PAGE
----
The August supermoon will rise Sunday night although plenty of stargazers saw a preview of the large, bright moon Saturday. August's full moon is the second of three for the summer, the first in July and the next in September.
Unlike the events in July and September, the August supermoon will be a bit more special as the moon turns full within the hour it reaches perigee, or closest point to Earth. The moon is in an elliptical orbit around Earth although the difference between perigee and apogee, the farthest point, is just 50,000 kilometers (around 31,000 miles), notes NASA. The moon turns full on the same day as perigee in July and September.
For those who are not fans of the term "supermoon," the scientific term for such a full moon is a "perigee moon." Sky and Telescope's Maria Temming said the August supermoon will not look that much brighter or fuller than a normal full moon but noted the moon will be at "proxigee," or the closest perigee, and around 221,765 miles away from Earth.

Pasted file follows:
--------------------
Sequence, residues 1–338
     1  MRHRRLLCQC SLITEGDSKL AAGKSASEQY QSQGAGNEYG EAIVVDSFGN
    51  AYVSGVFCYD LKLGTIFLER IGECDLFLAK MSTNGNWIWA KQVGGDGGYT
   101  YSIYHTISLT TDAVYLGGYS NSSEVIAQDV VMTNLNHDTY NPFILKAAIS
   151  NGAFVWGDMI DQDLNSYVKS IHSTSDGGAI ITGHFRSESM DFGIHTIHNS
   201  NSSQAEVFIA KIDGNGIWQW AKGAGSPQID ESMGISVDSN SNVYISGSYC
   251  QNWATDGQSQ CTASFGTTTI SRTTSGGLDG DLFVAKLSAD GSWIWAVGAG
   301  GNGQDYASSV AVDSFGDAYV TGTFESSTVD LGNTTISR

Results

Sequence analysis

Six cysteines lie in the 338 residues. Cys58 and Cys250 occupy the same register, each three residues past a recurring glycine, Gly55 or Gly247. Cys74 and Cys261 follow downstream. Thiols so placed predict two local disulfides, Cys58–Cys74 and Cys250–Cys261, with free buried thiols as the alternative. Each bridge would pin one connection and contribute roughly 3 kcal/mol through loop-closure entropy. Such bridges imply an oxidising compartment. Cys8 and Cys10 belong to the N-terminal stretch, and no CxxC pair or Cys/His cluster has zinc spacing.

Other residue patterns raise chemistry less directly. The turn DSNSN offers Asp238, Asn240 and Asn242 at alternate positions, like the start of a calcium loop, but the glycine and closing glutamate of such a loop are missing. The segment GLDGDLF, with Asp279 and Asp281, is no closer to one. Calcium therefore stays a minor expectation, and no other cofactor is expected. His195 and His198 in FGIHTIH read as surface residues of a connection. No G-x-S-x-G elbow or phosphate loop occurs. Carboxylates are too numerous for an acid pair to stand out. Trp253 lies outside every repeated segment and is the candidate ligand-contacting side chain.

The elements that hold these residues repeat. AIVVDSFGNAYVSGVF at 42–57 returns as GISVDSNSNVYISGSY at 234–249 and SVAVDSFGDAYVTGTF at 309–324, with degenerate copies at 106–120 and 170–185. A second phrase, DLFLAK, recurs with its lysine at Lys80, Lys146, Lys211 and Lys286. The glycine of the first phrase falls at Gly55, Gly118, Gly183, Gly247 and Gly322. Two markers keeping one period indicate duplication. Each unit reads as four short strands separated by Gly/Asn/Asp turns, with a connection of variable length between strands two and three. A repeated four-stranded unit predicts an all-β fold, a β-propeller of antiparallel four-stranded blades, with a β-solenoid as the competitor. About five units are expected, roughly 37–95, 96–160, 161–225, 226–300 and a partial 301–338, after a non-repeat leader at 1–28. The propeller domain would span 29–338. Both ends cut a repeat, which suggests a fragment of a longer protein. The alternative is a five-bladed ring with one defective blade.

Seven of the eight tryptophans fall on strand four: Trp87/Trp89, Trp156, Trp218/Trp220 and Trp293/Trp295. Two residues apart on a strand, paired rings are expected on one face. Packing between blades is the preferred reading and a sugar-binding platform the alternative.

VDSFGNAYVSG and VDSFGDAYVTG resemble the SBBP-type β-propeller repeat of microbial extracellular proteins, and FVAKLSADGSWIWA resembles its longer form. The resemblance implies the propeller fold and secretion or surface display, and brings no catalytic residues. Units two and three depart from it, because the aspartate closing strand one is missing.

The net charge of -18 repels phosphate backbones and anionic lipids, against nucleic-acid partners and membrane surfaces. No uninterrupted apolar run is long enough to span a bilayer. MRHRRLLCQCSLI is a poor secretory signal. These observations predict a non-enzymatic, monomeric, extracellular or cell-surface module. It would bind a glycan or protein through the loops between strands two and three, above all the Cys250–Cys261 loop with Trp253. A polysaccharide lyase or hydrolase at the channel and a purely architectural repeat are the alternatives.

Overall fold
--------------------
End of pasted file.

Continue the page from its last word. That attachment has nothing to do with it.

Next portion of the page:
While many people caught a glimpse of the supermoon from Earth, cosmonaut Oleg Artemyev, currently aboard the International Space Station, captured a "moonset."
— Oleg Artemyev (@OlegMKS) August 10, 2014
Unlike meteor showers, catching Sunday's supermoon is a simple matter of looking out into the night sky. Slooh, the international organization of astronomers and observatories, will provide a supermoon 2014 live stream to celebrate the event. Slooh astronomer Bob Berman will discuss the supermoon and answer fan questions.
"This will be largest since March, 2011. And although the size-enhancement is 11 percent compared to an apogee full moon like the the one this past January, it will seem even larger -- much larger -- thanks to the psycho-optical effect we will discuss during the show. And, thanks to the super-tides that day and the following day, Earth’s biosphere will definitely be affected by this event," said Berman.
The supermoon 2014 live stream begins at 7:30 p.m. EDT and can be viewed below.